Further disruptions to academic year will hinder pupils - Basic Education Dept
As the country edges closer to a COVID-19 third wave, there are growing calls for more stringent regulations to be imposed, among them, the closure of schools. But the department's Elijah Mhlanga said that this would be damaging to pupils who were already playing catch-up.
CAPE TOWN - School pupils should not have to bear the brunt for adults and parents who were spreading the coronavirus.
This was the view of the Department of Basic Education, as the country edged closer to a COVID-19 third wave.
There are growing calls for more stringent regulations to be imposed, among them, the closure of schools.
But the department's Elijah Mhlanga said that this would be damaging to pupils who were already playing catch-up with their workload.
"There is no understanding of the burden of having to bring children back to school, get their mental framework back on track for them to learn again. Already we've been limping from day to day because of the alternative approach that we are using since schools opened in June last year."
He said that the rising rate in infections remained a major concern and that this was not the fault of learners.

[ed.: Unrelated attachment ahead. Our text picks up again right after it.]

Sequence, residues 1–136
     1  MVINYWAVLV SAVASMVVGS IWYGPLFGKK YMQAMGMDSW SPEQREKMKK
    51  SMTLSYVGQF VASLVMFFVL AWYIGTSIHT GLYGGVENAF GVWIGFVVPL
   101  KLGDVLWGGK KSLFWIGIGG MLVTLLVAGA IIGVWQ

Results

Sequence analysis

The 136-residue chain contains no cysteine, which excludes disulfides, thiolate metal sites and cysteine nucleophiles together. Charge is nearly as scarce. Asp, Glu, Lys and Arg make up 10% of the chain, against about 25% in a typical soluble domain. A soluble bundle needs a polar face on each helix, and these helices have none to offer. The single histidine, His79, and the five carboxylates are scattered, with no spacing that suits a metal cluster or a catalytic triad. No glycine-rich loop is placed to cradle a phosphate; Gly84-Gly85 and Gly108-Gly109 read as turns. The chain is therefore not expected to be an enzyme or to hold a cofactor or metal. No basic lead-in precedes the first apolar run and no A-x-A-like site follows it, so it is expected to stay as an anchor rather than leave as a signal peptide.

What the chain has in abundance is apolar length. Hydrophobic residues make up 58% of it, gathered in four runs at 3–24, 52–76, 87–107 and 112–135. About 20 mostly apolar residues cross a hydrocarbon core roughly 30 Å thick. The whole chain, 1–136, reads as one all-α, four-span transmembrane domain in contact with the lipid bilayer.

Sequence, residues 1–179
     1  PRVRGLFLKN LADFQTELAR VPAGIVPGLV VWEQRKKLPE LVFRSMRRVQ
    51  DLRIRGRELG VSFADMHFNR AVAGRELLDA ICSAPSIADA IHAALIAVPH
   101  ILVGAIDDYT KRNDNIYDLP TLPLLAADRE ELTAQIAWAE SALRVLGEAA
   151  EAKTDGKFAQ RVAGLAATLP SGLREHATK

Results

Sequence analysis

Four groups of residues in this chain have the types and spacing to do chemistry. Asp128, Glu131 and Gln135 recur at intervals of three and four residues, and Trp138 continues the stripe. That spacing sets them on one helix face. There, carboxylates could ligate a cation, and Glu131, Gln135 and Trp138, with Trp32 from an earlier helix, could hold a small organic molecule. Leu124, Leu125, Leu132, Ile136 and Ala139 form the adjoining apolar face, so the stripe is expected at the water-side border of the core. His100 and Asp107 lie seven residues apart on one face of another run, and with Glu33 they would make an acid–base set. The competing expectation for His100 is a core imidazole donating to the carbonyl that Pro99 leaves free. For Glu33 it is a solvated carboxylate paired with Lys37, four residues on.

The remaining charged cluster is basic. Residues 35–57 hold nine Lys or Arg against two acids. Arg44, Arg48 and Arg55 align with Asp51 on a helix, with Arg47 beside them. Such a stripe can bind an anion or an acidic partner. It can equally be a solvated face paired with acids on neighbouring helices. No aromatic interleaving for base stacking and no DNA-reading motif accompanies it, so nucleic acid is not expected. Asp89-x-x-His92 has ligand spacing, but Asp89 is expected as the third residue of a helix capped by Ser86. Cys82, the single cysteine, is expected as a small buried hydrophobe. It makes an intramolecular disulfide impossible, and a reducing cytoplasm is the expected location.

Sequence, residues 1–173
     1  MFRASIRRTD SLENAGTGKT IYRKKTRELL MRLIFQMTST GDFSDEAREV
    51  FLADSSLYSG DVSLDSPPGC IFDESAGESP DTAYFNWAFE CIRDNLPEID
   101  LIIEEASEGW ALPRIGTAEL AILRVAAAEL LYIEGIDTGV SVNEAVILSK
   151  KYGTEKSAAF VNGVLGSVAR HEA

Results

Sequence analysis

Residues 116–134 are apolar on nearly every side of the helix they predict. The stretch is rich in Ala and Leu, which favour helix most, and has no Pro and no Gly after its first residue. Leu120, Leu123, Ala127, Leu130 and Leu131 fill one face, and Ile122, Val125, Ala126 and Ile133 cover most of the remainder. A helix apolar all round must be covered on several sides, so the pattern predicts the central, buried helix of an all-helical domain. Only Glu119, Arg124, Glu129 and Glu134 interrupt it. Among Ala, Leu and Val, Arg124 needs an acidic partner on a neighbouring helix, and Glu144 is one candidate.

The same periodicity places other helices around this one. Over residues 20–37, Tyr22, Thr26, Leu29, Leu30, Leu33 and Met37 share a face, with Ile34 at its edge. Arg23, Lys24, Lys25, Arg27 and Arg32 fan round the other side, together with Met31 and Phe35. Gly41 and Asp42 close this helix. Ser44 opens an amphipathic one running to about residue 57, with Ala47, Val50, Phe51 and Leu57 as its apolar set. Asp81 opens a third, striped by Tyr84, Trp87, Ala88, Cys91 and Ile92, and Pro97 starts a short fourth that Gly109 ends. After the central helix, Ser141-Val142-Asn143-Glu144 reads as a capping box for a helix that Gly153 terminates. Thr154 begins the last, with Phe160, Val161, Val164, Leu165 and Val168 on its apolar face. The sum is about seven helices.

"We are all concerned about the community infections but we understand why the third wave is happening - it's because we are giving it legs. People are behaving as if the coronavirus is gone. The third wave is not some medical wave that just erupts from somewhere. It is manufactured by people through social gatherings, which must stop."
Mhlanga said that further disruptions to the academic year would only hinder the learning process for pupils.
"Some of them are becoming over age, they are going to repeat grades right now. In the next few years, they will be over age, they will not be able to access education, they will not be able to access employment because their age is running faster than their education can catch up. So right now, we have a massive catastrophe on our hands."